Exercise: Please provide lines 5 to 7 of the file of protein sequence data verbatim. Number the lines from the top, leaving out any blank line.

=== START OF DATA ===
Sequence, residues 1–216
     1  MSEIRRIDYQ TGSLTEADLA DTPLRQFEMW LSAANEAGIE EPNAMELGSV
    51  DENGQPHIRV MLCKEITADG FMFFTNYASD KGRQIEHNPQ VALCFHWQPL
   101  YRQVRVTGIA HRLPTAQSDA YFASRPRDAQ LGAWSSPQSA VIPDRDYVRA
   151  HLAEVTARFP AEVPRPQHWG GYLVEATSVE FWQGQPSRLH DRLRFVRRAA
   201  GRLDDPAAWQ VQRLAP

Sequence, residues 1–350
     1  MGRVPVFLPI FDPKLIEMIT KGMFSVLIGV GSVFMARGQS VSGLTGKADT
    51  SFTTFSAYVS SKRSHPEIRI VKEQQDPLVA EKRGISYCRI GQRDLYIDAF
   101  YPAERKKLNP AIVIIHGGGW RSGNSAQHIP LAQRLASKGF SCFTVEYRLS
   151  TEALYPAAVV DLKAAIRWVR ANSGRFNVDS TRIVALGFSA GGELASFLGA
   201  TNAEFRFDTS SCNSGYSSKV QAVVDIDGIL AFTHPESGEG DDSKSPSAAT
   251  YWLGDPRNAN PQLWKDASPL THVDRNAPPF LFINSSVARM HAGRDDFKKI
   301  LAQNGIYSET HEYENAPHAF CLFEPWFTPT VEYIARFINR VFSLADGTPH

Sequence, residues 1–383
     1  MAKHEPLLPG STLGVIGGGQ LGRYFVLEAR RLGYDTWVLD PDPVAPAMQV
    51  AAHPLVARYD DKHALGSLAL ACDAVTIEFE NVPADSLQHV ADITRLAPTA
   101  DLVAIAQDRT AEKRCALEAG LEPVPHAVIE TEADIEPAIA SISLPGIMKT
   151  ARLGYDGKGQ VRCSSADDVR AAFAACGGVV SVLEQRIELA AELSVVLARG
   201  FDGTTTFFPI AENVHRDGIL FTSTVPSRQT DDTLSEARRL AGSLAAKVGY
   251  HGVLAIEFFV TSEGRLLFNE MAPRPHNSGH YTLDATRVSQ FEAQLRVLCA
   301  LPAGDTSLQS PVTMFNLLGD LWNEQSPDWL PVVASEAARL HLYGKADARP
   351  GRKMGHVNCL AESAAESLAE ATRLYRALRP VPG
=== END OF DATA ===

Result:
   151  HLAEVTARFP AEVPRPQHWG GYLVEATSVE FWQGQPSRLH DRLRFVRRAA
   201  GRLDDPAAWQ VQRLAP

Sequence, residues 1–350